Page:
A cache of ancient burial shafts containing hundreds of wooden coffins dating back to the New Kingdom are among a new batch of major discoveries found at Egypt’s Saqqara archaeological site.
Coffins, funerary masks and a funeral temple were discovered during an archeological mission at Saqqara, a vast necropolis about 32 kilometers (20 miles) south of Cairo, which experts claim will “rewrite” the history of the region.
Experts on Saturday announced they had discovered the funeral temple of Queen Nearit – wife of King Teti, the first king of the sixth dynasty of the old kingdom – state news Al-Ahram reported, quoting the Egypt’s Ministry of Tourism and Antiquities.
Three mud-brick warehouses – built to store provisions, offerings and tools used in the queen’s tomb – were also discovered attached to the temple.
Some 52 burial shafts, which were between 10-12 meters deep and contained hundreds of wooden coffins dating back to the New Kingdom period, were also discovered. The discovery marks the first time that coffins dating back 3,000 years have been found in the Saqqara region, Al-Ahram said.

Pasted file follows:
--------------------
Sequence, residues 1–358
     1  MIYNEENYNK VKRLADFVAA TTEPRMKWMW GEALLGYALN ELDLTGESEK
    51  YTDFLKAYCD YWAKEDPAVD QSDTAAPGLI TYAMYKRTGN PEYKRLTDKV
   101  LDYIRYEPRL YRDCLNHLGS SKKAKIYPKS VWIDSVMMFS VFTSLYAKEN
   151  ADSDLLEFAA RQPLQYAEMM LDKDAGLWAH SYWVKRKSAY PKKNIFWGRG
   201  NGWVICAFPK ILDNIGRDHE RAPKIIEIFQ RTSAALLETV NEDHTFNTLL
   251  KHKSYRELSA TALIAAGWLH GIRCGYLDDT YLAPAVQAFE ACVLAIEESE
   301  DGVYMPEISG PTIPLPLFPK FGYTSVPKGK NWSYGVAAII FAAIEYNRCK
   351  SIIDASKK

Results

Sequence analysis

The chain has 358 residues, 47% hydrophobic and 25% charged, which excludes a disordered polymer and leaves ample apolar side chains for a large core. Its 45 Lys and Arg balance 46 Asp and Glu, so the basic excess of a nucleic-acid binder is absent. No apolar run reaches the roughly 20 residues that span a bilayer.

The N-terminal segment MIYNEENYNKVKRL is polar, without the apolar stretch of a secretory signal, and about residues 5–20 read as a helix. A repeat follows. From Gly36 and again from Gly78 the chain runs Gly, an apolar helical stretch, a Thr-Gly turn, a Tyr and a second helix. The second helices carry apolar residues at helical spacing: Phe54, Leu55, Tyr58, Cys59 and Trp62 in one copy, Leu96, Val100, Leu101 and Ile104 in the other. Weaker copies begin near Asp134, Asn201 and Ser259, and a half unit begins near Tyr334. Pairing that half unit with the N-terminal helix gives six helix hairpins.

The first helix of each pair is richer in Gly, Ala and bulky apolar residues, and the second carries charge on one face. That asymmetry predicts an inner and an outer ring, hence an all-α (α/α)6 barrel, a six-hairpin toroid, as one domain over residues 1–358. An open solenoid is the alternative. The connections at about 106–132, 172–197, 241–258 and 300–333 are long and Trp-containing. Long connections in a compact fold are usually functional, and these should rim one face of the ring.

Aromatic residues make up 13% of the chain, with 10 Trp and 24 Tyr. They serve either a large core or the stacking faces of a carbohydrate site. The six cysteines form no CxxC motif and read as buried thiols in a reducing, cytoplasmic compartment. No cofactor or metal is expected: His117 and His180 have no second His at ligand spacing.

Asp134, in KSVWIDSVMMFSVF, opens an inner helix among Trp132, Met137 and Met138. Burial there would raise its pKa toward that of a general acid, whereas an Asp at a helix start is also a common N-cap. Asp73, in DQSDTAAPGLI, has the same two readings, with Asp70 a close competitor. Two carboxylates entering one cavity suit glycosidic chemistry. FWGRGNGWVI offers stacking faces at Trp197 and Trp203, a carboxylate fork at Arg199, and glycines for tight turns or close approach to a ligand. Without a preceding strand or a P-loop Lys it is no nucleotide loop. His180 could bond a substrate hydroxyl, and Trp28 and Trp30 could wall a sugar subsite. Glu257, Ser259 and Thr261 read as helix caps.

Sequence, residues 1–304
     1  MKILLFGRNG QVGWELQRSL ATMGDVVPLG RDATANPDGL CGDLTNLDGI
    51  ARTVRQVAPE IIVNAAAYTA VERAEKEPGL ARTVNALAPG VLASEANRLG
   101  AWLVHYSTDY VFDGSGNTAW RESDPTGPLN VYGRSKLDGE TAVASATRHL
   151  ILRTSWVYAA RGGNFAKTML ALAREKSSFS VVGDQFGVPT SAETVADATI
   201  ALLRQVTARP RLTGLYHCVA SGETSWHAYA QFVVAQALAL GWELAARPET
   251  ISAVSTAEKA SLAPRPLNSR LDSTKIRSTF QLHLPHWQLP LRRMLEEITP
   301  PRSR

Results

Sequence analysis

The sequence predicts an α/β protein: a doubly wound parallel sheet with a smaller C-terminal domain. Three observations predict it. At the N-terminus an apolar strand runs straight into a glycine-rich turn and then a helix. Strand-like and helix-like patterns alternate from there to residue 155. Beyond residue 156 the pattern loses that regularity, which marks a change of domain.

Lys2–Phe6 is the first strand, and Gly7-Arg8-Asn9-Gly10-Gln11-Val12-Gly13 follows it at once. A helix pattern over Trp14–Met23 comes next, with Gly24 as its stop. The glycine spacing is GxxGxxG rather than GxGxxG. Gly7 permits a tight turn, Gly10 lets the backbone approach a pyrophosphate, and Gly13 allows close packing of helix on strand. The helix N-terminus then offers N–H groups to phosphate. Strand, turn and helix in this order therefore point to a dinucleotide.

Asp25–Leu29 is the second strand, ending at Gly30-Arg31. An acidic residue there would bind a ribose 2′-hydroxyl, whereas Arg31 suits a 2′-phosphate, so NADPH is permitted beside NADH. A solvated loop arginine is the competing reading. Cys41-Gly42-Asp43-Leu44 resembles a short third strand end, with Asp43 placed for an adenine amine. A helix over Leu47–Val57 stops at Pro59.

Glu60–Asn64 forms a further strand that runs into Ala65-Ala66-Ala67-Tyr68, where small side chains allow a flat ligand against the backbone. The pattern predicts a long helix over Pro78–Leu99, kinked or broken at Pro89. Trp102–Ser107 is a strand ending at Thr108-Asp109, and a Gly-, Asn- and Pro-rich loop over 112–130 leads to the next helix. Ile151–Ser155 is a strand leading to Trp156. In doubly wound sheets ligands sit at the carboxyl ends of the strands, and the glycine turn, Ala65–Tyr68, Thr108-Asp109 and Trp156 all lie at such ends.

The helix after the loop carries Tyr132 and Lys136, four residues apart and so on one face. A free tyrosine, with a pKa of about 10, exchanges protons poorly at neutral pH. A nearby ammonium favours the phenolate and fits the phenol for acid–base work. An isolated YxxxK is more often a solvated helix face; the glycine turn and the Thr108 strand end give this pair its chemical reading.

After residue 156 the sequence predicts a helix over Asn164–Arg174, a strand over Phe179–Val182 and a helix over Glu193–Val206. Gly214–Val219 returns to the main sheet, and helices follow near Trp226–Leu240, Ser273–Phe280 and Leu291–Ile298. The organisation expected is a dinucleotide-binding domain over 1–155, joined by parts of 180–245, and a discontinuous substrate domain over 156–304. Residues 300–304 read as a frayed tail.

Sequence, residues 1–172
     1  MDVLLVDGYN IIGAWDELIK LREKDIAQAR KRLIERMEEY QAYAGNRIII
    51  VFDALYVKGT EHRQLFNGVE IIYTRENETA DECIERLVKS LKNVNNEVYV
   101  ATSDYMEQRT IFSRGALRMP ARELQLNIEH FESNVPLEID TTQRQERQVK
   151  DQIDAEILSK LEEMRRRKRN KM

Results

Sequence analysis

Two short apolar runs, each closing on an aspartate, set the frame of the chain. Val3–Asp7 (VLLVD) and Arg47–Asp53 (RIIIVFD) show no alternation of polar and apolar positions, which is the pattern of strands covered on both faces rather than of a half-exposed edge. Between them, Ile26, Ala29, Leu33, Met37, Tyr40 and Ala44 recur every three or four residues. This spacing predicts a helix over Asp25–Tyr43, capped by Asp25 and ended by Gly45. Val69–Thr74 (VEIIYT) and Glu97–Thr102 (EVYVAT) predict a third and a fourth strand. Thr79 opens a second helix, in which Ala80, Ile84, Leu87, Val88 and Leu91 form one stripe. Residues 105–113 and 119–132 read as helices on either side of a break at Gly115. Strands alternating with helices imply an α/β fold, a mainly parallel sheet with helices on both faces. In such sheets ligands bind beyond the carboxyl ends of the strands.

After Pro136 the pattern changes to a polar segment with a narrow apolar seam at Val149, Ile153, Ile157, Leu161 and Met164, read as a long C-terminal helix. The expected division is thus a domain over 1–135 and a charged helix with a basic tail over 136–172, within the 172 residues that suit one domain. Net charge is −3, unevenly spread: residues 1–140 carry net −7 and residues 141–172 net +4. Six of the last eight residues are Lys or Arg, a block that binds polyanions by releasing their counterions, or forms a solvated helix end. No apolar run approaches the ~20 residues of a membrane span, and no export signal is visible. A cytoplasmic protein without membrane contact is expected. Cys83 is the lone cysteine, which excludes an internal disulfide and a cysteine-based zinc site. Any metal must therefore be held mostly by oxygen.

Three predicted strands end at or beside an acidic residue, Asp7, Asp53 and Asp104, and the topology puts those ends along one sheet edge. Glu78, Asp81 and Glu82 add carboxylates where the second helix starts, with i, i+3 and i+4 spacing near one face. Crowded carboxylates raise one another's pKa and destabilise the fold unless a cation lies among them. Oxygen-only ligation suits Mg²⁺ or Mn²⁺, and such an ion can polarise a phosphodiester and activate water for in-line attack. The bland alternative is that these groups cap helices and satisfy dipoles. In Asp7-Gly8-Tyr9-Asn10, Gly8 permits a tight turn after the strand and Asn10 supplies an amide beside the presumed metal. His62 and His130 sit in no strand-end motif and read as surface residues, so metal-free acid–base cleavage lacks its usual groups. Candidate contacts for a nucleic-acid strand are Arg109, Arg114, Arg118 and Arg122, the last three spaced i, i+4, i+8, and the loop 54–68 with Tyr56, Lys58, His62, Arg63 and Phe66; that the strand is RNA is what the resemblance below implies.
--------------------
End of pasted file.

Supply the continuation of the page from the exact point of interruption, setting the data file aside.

Scenes of gods worshiped during the period and excerpts from the Book of the Dead, believed to help the dead to pass into the other world, were found painted on the surface of the coffins, with experts noting that this latest find at the ancient site confirms that Saqqara was used as a burial site during the New Kingdom period – between the 16th and the 11th century BC – and not just during the Late Period.
A cache of 50 anthropoid wooden coffins, in good condition, was also discovered by archeologists, along with wooden funerary masks, a shrine dedicated to the god Anubis, bird shaped artifacts and a bronze axe.
The latest discoveries will rewrite the history of Saqqara during the New Kingdom and assert the importance of the worship of King Teti during the 19th Dynasty of the New Kingdom, Zahi Hawass, the head of the Egyptian archaeological mission said, according to the news site.